- CYCLE ANALYST V3
- Cycle Analyst v3 Setup
- Unofficial User Guide / User Manual
- Cycle Analyst V3 preview and first beta release NOTE Current Endless Sphere thread.
- V3.0 Unofficial User Guide NOTE: An un-updated PDF file.
- Cycle Analyst; Ebike Battery Gauge Independent review of the older version 2.0 from Electricbike.com
There’s no free ride
Last but not least and completely independent of the previous changes was changing the stock mountain bike gear ratio. I made this change late last year prior to any changes to the electric drive system and you can read a detailed article about it here. Gears Matters Changing gears is not only one of the least expensive and practical improvements you can make to your E-bike but it will also be one of the best improvements you can make when it comes to increasing the efficiency of the man /machine relationship.
Think about it…, Many E bikes and especially the E-bike conversions you and I do in our garages start life as a regular MTB (mountain bikes) or hybrid bike. They have a lot of gears to accommodate a lot of situations but unfortunately none of those situations include being able to pedal your bicycle comfortably past 15 mph. Since even the least expensive E-bike and E-bike kits will propel your bike to speeds past 18 mph mark we end up using much more battery power than we need to in order to cruise at those higher speeds simply because our legs can’t keep up. The fix is easy as you’ll find out below.
Stock gearing for the average mountain bike is along the lines of 42, 34, 24T on the front and 14T to 28T in the back. You can change either one or both. I changed both on mine because changing just one of them other would not get me to where I needed to be which was 28 mph. Either one is fairly easy to do with the proper tools but the rear is usually the cheaper of the two. The first step in doing this is to determine what you have currently and what you wish to achieve with the change. Again this is a fairly easy and inexpensive project but doing the leg-work up front is paramount to achieving the desired results. Please read “gears-matters” to get this leg-work started. It contains much if not all of the information you’ll need to do this job including 3) on-line gear & cadence calculators for determining both riding and pedal speeds. http://ezgo-now.com/gears-matters/. Although it’s not required having a speedometer is a big help in doing this job.
As I mentioned earlier, I changed both the front and rear gear clusters when I changed my gear ratios last year. Read “HOW I CHANGED MY 21 SPEED MTB BIKE” for the specifics of that job. I first replaced the rear Shimano Freewheel 14T – 28T gear cluster with a DNP Epoch Freewheel 11T -28T. This gave me a speed increase in high gear of about 3 mph for a cost of about $30. Next I replaced my 42 x 34 x 24 Shimano front crank set with a 48 x 38 x 28 SDRAM crank set. This gave me a speed increase of about 3.5 mph in high gear high range and about a 2 mph increase in most of the other higher gears for a cost of about $50. Most importantly this change netted me a realistic 7 mph increase in my pedal assisted cruising speeds and a 5 to 10 mile increase in range. My range could no doubt be significantly higher but it seems every time I increase my performance envelope I tend to use it.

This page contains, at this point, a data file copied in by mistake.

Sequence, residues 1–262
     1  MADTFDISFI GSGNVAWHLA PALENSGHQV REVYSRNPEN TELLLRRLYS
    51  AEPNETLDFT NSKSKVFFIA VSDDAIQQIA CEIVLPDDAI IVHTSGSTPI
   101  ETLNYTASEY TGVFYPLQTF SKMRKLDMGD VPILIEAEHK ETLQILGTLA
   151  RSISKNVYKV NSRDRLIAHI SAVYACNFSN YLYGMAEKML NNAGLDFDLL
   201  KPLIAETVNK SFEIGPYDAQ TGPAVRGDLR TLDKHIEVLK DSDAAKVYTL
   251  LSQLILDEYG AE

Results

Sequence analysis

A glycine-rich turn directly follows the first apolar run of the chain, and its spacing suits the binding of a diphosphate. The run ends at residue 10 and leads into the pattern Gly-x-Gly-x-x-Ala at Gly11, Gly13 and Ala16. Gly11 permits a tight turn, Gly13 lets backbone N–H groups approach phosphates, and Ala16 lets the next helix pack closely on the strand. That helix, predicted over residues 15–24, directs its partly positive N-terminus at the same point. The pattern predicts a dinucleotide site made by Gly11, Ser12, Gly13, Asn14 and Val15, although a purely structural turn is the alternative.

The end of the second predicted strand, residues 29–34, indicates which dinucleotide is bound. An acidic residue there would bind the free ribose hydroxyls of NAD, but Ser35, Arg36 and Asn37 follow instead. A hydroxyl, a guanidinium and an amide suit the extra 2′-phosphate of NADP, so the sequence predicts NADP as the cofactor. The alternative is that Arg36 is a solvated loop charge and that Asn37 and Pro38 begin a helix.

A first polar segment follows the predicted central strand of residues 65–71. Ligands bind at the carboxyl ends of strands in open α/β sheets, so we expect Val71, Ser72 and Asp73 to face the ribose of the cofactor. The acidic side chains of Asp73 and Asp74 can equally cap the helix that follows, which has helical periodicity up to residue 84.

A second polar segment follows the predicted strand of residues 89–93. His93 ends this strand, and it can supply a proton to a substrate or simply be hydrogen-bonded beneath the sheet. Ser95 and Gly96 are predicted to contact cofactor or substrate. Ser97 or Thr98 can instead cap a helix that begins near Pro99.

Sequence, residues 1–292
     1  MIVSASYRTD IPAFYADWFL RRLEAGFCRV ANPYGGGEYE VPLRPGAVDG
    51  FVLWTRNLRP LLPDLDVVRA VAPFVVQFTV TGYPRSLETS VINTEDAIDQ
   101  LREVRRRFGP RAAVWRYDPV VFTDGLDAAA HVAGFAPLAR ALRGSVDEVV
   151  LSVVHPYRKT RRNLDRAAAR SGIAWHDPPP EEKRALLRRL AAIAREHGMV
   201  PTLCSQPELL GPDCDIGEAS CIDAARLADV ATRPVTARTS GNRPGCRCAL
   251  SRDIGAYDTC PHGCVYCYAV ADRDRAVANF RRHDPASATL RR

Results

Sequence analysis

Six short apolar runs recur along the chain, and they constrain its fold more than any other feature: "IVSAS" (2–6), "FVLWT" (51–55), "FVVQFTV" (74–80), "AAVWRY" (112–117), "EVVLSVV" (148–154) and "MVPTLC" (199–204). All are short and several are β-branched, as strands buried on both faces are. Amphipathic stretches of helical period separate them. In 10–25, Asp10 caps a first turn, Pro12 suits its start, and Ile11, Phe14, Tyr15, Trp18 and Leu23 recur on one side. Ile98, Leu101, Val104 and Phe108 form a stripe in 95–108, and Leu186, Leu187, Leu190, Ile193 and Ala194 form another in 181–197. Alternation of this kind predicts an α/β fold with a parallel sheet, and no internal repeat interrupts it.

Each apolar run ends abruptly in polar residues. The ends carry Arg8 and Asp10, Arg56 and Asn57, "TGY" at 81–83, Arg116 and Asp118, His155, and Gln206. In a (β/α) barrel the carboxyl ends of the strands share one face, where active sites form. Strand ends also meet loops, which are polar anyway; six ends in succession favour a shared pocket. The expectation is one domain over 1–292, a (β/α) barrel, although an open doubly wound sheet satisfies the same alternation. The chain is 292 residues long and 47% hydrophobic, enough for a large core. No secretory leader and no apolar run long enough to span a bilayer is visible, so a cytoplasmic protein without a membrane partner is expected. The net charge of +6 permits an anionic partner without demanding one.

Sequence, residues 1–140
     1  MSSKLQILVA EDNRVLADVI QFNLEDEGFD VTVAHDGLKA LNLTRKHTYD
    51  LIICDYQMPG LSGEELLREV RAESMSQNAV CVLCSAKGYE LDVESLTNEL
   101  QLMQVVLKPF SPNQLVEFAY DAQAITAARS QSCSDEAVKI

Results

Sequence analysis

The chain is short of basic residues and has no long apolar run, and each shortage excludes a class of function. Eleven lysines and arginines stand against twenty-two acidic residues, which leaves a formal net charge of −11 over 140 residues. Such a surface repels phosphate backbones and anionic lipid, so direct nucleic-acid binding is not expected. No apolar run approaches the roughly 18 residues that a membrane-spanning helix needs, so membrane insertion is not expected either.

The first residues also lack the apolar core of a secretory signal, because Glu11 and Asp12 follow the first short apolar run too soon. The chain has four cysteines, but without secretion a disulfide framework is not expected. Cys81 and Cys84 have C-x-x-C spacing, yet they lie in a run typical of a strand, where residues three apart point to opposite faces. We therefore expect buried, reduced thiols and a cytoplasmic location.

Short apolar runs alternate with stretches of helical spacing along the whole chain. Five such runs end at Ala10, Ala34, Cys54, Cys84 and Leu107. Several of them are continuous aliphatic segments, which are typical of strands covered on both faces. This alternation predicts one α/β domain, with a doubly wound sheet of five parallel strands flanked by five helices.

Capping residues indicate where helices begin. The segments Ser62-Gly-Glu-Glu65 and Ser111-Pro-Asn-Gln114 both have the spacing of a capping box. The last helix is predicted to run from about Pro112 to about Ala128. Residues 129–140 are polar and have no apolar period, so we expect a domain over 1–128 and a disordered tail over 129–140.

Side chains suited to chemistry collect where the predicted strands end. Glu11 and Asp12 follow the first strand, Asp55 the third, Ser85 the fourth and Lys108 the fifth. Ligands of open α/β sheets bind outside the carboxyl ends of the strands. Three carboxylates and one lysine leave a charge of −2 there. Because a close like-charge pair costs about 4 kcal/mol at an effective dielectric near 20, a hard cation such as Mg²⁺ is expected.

First if you don’t already have an E-bike and you are planning on purchasing and or building one to be used as supplemental transportation DON’T believe those “how to build a $250 E-bike articles”or the advertisements for complete kits starting at $399. A decent store-bought E-bike will cost at least $1,300 by the time you get it home and a good E-bike kit with lithium batteries will cost at least $900 delivered. Put that kit on a good donor bike however and take your time building it and it can easily be equivalent to an $1800 store-bought bike AND you will have exactly what you want the way you want it, plus you’ll have the satisfaction of having built it yourself.
Start with good solid & reliable information from independent sources. Regardless of whether you’re buying a complete E-bike or building your own E-bike from a kit or off the shelf components information. DO NOT BELIEVE the hype found on many of the manufacturers websites much of the amazing statistics and videos found on YouTube and elsewhere. DO BELIEVE information found on the websites below. Some of these sites do have affiliations to the products they review but the information they provide gained from their experience within the industry, I feel, more than offsets any of the plugs they give for their products. there are also some that I have overlooked or simply forgotten that are very good as well. As you read through this blog as well as websites below I’m sure you will come across those that I have missed and new ones I do not even know about.a final word of caution however, there are many sites springing up some of which have taken their name from Wikipedia claiming to be how to do anything sites. some of the information I have discovered concerning E bikes is highly in accurate at best and down right dangerous at its worst. “Just cause it’s on the Internet don’t make it so”.